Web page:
5. If entered in opportunity classes restricted to amateurs, riders/drivers/handlers are required to have an amateur status with USEF or pay the $30 non-member amateur card fee.
    6. Riders/drivers/handlers entered only in these classes are exempt from the Federation membership requirements and are not required to pay a non-member fee but are required to list the Federation membership number if the participant is a member.
    7. The prize list must state whether or not horses and/or riders/drivers/handlers entered in Opportunity Classes can cross enter into the rated/recognized classes at the same competition. If cross entry is allowed, all applicable fees and membership requirements apply.
    8. The list of Opportunity Classes offered must include “Opportunity” in the class name. The classes may include but are not limited to the following categories:
    a. Opportunity Pleasure (Saddleseat, Hunter, and/or Western)
    b. Opportunity Equitation (Saddleseat, Hunter, and/or Western)
    c. Opportunity Costume (Historic and/or Contemporary)
    d. Opportunity Trail (English and/or Western)
    e. Opportunity Driving (Show Pleasure Driving and/or Carriage Pleasure Driving)
    f. Opportunity Walk-Trot (Pleasure and/or Equitation)
    g. Opportunity Gaited (Three-gaited, Five-gaited, and/or Paso Fino)
    h. Opportunity Reining
    i. Opportunity In-hand classes (Amateur and/or Junior Handler)
    j. Opportunity Fun Classes
    k. Opportunity classes for Hunter/Jumper/Equitation Divisions 2’6” and under
    l. Opportunity classes for Dressage
    9. Unless the competition is using existing USEF class specifications, the prize list must list the class specifications for each Opportunity Class, to include but not be limited to:
    a. Gaits required
    b. Judging criteria
    c. Attire, tack and equipment allowed
    10. Opportunity Classes may be judged by any judge officiating at the competition. Conflict of interest rules in GR1304 apply.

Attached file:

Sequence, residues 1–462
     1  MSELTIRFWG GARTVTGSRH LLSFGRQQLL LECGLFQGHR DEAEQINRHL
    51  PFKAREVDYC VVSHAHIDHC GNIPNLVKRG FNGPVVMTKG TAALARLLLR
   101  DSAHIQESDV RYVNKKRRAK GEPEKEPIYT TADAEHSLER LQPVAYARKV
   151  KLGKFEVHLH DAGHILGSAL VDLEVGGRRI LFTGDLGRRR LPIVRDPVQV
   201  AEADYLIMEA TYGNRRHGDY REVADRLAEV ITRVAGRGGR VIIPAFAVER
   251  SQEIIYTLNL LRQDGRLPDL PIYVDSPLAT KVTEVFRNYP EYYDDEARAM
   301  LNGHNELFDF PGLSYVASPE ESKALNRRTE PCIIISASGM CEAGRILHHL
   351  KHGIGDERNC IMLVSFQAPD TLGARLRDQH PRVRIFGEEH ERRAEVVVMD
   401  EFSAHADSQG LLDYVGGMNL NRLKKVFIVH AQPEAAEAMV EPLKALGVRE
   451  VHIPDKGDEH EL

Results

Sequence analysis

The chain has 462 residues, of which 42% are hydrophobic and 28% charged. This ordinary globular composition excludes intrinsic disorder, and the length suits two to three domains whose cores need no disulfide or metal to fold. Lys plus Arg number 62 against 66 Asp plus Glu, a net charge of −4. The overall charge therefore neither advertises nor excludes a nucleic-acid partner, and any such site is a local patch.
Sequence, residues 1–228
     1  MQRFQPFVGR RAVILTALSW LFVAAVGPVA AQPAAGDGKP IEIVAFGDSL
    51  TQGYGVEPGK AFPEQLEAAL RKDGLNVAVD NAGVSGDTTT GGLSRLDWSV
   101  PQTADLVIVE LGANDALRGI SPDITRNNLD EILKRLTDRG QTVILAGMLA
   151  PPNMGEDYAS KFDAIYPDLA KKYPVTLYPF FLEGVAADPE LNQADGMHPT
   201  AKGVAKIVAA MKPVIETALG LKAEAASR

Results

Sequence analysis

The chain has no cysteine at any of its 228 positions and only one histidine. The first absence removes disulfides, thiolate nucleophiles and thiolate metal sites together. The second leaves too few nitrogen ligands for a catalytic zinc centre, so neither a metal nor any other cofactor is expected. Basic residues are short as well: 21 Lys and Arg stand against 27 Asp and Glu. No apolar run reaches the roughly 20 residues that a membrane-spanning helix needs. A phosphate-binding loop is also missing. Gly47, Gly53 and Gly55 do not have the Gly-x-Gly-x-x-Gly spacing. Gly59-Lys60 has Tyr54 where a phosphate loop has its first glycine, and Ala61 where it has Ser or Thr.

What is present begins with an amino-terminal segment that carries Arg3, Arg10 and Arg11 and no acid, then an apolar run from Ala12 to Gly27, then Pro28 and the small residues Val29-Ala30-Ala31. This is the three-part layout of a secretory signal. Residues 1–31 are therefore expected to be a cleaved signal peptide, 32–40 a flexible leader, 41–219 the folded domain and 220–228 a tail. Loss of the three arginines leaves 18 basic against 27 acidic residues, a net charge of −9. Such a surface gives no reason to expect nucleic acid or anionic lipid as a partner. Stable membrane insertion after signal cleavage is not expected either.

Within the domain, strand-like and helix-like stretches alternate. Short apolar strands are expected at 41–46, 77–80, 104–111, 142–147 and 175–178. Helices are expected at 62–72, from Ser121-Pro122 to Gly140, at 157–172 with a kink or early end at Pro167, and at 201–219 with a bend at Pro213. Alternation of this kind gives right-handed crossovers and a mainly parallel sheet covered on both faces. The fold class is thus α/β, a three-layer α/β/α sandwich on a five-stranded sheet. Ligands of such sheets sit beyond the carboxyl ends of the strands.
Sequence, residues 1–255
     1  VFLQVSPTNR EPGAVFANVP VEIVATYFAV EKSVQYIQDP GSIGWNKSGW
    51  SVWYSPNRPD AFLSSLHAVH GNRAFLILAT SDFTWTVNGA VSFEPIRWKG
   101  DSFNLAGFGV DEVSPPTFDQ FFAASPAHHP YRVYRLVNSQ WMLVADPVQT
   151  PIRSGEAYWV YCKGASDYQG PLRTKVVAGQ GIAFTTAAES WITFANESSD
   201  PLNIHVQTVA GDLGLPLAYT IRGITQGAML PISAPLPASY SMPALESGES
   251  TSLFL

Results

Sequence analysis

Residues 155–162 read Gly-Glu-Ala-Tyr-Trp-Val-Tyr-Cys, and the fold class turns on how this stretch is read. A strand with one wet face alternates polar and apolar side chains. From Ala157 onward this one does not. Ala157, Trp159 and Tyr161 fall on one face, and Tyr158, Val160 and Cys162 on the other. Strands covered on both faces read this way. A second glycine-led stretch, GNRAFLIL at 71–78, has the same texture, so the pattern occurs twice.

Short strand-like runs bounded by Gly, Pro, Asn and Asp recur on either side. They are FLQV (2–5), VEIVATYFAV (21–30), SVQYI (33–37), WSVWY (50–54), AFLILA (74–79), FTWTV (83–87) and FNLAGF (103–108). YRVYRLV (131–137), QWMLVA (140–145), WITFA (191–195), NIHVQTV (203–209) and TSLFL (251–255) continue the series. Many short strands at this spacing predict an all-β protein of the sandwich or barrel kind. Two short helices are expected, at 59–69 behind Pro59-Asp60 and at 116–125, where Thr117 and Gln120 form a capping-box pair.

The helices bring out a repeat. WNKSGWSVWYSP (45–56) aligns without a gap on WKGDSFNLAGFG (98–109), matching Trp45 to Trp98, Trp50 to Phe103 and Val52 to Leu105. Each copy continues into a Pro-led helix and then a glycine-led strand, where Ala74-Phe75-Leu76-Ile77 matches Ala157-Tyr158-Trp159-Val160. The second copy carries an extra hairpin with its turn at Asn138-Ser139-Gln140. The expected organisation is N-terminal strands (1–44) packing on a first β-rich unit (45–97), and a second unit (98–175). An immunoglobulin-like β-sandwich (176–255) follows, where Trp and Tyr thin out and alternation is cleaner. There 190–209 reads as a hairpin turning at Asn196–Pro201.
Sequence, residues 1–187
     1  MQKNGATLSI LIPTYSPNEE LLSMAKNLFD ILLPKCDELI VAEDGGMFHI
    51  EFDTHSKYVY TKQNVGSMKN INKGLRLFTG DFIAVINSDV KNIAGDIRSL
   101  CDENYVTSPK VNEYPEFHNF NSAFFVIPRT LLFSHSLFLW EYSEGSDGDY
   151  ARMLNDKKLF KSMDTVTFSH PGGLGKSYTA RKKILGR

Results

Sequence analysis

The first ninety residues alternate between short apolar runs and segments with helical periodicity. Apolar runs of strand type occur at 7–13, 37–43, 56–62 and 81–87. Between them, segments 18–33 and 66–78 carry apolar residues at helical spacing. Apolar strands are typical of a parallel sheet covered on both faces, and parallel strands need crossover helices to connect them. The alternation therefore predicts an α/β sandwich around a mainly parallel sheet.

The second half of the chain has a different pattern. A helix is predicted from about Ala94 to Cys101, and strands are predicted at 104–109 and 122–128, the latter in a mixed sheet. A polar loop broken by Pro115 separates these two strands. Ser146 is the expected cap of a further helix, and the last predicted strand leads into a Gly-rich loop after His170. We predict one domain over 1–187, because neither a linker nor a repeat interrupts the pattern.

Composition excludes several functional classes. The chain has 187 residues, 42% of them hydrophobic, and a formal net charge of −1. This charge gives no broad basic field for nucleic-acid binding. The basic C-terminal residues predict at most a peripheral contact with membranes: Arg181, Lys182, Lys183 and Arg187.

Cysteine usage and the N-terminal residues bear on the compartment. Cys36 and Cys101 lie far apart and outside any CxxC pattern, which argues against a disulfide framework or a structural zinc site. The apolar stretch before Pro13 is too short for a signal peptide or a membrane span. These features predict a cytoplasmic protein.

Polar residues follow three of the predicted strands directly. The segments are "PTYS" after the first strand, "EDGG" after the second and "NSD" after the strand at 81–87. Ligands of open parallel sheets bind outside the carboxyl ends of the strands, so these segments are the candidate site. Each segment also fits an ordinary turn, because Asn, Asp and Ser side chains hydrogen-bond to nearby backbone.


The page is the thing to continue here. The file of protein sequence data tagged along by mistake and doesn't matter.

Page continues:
11. The competition must submit full results of all Opportunity Classes as required in GR1214.
    Horses with HID or Recording members and participants with USEF membership numbers are to have these numbers listed in the results.
    ... _. ._ .._. .._



  15. #15
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    Feb. 9, 2000
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    Default

    The class does not have to be restricted to amateurs, but it is an option.

    Doing so does kind of defeat the purpose of the division, because it forces entrants to either already be a USEF member, or pay the $30 to get the non-member amateur card. The point is supposed to be you don't need memberships.

    It also leaves out juniors, in addition to the pros.



  16. #16
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    In reading what Equibrit quoted above, the only reference to entry-level riders seems to be under the Hunter/Jumper heading. I understand the issue some have regarding pros entering opportunity classes, but what about pros in other disciplines who may legitimately be entry-level dressage riders and want to bring a horse to a dressage show?
    Quote Originally Posted by SuzieQNutter
    The whip is held across your thigh so as you can still hold the reins without spilling your coffee!!
    SillyHorse adds: Or your wine.



  17. #17
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    It's under Dressage too, right under the line "Level 4 and Level 5 competitions may not offer Opportunity classes."



  18. #18
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    Default

    So it is. I need to pull out the reading glasses, I guess. But if the idea had been to exclude pros from Opportunity classes, it would have been easy enough to state that in the rules. But they don't; in fact, the rules state that Opportunity classes may be limited to amateurs, but it's not the default.
    Quote Originally Posted by SuzieQNutter
    The whip is held across your thigh so as you can still hold the reins without spilling your coffee!!
    SillyHorse adds: Or your wine.



  19. #19
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    Feb. 9, 2000
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    Default

    It probably has to do with USEF's definition of Open. Technically, anyone who is not a USEF member has to show Open, whether pro or not. So most of the time, Opportunity classes are run as an Open division, like with Intro.

    As stated before, the only way to show as an amateur is to either become a member as an ammy, or pay for an ammy card. So if you run an Opp class as restricted to amateurs, you not only cut out the Juniors as well as the pros, but you make people pay more to become amateurs. Not very competitor friendly.



  20. #20
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    Default

    I would guess that they do not want to restrict the class in order to attract new riders and horses. I don't see the problem with a pro showing Opportunity. They cannot earn points or anything else except a possible new ride/owner. Surely the only reason for a dressage pro to enter such a class would be to introduce a new horse or owner to the sport. (That is good isn't it ?) OP seems to think there is some sort of nefarious motive on the part of the pro. It's hard to believe that there could be one.
    ... _. ._ .._. .._